It was a case where two teams were trying to unload what they thought was a fading talent. In this instance – and it was a rare one – both teams gained a hitter who proved he had plenty of hits left in his bat.
The key season was 1968 – not a particularly good one for Orlando Cepeda or Joe Torre. (To be fair, 1968 – the “Year of the Pitcher” – wasn’t particularly outstanding for most of the hitters in either league.)
Cepeda was the National League’s Most Valuable Player in 1967. As the first baseman for the World Series champion St. Louis Cardinals, Cepeda batted .325 (the highest batting average of his career and the sixth best in the league) and led the league with 111 RBIs. His 25 home runs were his highest total since 1964 with the San Francisco Giants, where he had strung together seven outstanding seasons (averaging 32 home runs and 107 RBIs) before a chronic knee injury limited him to 33 games in 1965. He had been traded to the Cardinals 19 games into the 1966 season.
In 1968, Cepeda batted a career-low .248 with only 16 home runs and 73 RBIs. Now 30, Cepeda had the Cardinals wondering whether they had seen the best they would get from the “Baby Bull.”
The Atlanta Braves were wondering the same thing about their catcher, Joe Torre. An All-Star every year from 1963 through 1967, Torre’s best season came in 1966, when he hit .315 with a career-high 36 home runs. He drove in 101 runs while scoring 83.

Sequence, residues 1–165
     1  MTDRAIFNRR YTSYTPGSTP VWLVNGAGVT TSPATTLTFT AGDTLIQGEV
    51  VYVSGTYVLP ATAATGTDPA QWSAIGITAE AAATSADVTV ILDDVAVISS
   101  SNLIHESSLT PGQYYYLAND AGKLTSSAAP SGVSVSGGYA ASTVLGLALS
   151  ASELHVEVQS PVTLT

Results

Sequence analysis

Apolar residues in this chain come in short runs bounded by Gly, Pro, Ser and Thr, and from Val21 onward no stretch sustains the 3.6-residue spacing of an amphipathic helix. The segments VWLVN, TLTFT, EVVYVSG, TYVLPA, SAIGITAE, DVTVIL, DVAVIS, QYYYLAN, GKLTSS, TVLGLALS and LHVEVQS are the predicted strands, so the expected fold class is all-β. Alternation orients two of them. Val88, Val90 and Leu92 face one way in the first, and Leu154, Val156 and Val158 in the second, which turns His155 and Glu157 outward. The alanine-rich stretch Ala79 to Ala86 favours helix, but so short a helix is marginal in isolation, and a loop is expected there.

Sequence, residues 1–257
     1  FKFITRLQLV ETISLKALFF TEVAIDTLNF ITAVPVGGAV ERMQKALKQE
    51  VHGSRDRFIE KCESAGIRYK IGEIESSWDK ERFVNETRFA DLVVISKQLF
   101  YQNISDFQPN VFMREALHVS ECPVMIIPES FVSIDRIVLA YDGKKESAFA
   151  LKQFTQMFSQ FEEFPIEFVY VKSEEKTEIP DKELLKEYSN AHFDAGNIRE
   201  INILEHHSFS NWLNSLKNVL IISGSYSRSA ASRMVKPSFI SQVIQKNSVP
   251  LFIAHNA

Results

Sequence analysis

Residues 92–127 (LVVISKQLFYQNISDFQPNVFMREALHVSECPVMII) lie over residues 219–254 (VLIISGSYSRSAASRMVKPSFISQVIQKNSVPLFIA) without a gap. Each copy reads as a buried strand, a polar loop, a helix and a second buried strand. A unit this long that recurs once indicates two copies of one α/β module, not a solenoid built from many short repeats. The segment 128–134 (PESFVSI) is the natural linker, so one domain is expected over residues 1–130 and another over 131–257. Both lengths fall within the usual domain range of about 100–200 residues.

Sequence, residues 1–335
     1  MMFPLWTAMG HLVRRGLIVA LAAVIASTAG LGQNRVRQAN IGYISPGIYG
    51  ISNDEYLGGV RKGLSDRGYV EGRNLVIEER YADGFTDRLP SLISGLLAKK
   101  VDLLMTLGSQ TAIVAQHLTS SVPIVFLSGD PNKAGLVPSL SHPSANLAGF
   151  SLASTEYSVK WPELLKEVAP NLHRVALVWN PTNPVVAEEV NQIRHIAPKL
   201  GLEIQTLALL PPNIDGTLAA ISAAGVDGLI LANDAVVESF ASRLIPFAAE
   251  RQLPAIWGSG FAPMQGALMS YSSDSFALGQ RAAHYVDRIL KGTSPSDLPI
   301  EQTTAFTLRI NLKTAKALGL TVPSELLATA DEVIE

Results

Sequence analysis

After averaging 28 home runs and 97 RBIs from 1964 through 1966, with a combined .310 batting average, Joe Torre batted .277 with 20 home runs and 68 RBIs in 1967. The 1968 season returned even less from Torre’s bat: a .271 batting average with only 10 home runs and 55 RBIs. In addition, Torre had become a liability in throwing out base stealers. Plus his active support of the Players’ Union and Marvin Miller had estranged him from the Braves’ management.
For both the Cardinals and the Braves, the even-up swap of Cepeda for Torre seemed like a low-risk deal. That deal was made a month into spring training, on March 17, 1969.
It turned out to be a good transaction for both teams, though perhaps not immediately in the case of Cepeda. He had a good year for the Braves in 1969, batting .257 and finishing second on the team (to Hank Aaron) in home runs (with 22) and runs batted in (with 88). Then Cepeda’s bat regained some of its old juice in 1970, when he batted .305 with 34 home runs and 101 RBIs. At age 32, it would be the last time in his career when he topped 30 home runs and 100 RBIs in a season.
Torre found a home in St. Louis, and it wasn’t behind the plate. He played only 17 games at catcher for the Cardinals in 1969, and 144 games as Cepeda’s replacement at first base. Torre batted .289 with 18 home runs and 101 RBIs, and then hit .325 with 21 home runs and 100 RBIs in 1970.
But Torre’s best was yet to come. In 1971, he led the major leagues in batting average (.363), hits (230), total bases (352) and runs batted in (137). Torre was selected as the National League’s Most Valuable Player in 1971.